C-Introp & Strict Concurrency

I have several C modules in my project. They use delegates and @convention(c) function pointers. I'm having a hard time migrating my project to Strict Concurrency because of these.

I started by just putting everything on the MainActor, as all that code is already on the main thread. But I can't seem to find a way to work with my C modules.

Are there any Swift attributes for C-Interop that allow specifying, safe or unsafely, that these C functions are MainActor? Adding @MainActor to a C function pointer seems to turn the function into a different type altogether, or the compiler is confused.

Some of these C function pointers are local package targets, but others are Windows and Linux system libraries.

@MainActor is part of the function type, making it a different type, yeah. I can pretty easily imagine that we're more restrictive with @MainActor conversions on @convention(c) functions than we need to be, though, or that we don't support @MainActor @convention(c) as well as we should in the importer. Can you give specific examples of what isn't working?

Sure, so one example is this:

// Swift C Function pointer that needs to be @MainActor
internal func unittestCallback(
    vm: OpaquePointer!,
    errorType: error_type_t,
    desc: UnsafePointer<CChar>?,
    note: UnsafePointer<CChar>?,
    value: gravity_value_t,
    row: Int32,
    column: Int32,
    xdata: UnsafeMutableRawPointer?
) {
    // Existing MainActor code that must run synchronously
    Gravity.unitTestExpected = Gravity.Testing(
        description: String(cString: desc!),
        errorType: errorType,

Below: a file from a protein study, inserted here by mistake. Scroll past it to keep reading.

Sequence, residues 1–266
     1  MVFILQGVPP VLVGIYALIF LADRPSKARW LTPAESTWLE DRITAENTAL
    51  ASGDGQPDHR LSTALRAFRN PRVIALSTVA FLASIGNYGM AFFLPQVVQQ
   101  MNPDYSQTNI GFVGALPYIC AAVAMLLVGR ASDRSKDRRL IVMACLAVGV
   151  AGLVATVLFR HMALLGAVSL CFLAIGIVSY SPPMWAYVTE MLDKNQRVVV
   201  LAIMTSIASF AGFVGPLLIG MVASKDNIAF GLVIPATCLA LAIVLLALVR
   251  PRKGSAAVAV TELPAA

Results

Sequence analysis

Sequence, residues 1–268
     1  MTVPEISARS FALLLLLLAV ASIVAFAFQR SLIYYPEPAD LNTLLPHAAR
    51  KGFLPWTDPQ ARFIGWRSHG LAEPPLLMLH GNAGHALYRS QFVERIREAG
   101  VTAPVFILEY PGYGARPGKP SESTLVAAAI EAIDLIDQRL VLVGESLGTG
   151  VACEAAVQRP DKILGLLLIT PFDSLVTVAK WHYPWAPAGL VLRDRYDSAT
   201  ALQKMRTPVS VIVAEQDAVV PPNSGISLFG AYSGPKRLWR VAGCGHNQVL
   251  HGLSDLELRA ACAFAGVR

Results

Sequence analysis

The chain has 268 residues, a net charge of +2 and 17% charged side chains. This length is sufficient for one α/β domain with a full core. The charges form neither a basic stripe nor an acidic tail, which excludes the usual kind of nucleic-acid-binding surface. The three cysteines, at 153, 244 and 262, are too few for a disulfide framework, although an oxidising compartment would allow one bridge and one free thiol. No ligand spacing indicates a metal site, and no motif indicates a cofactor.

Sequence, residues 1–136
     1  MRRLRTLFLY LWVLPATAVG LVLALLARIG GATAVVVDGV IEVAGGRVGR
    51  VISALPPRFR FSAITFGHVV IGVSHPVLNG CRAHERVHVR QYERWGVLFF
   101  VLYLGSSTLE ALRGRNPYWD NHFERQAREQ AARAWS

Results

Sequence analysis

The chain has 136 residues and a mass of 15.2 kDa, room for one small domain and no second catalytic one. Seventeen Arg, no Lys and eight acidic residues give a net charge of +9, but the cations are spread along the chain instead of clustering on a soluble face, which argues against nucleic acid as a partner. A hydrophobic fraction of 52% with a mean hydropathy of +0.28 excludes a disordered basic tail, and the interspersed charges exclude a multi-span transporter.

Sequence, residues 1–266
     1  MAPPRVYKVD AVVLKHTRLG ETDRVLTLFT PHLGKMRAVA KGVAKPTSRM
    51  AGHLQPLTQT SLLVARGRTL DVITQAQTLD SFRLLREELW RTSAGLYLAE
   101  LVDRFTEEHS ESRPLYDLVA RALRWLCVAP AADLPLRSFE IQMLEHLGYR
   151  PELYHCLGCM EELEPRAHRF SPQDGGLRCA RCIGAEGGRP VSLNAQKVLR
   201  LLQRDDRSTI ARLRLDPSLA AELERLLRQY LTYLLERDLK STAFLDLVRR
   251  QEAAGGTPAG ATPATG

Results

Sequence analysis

row: row,
        column: column,
        value: value

And that C Function Pointer gets assigned to a C variable:

delegate.unittest_callback = unittestCallback(vm:errorType:desc:note:value:row:column:xdata:)

So the problem I'm having is the C Function isn't MainActor but my Swift code needs to be MainActor to comply with strict concurrency in the rest of my project.

This is just the first example the compiler diagnostics pushed me toward, and that one might be rework-able, but I can think of a couple identical scenarios I'll run into that are not rework-able.
macOS DisplayLink API uses a similar method for VSync callbacks.
Windows uses a similar method for window events like user input, resizing, etc.

Do you control the declaration of unittest_callback?

For that particular example, yes; but I wouldn't be able to modify Win32 or Quartz(? I think is DisplayLink on macOS)

Are there Clang attributes for swift concurrency features?

Well, you should be able to use __attribute__((swift_attr("@MainActor"))) on the function type to get it to import as a @MainActor function type. I'm trying to figure out the exact details of that now. :)

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Oh that would be perfect! I might be able to use that to solve the other problems on the C side too.

This seems to work:

@protocol P
@property (assign) void (*__attribute__((swift_attr("@MainActor"))) callback)(void);
@MainActor func foo() {}
func test(p: any P) {
  p.callback = { foo() }

You might have to toy around to find the right place to put the attribute on different kinds of declarations.


Awesome. I'll see how many problems I can solve this way.
Thank you :sunglasses: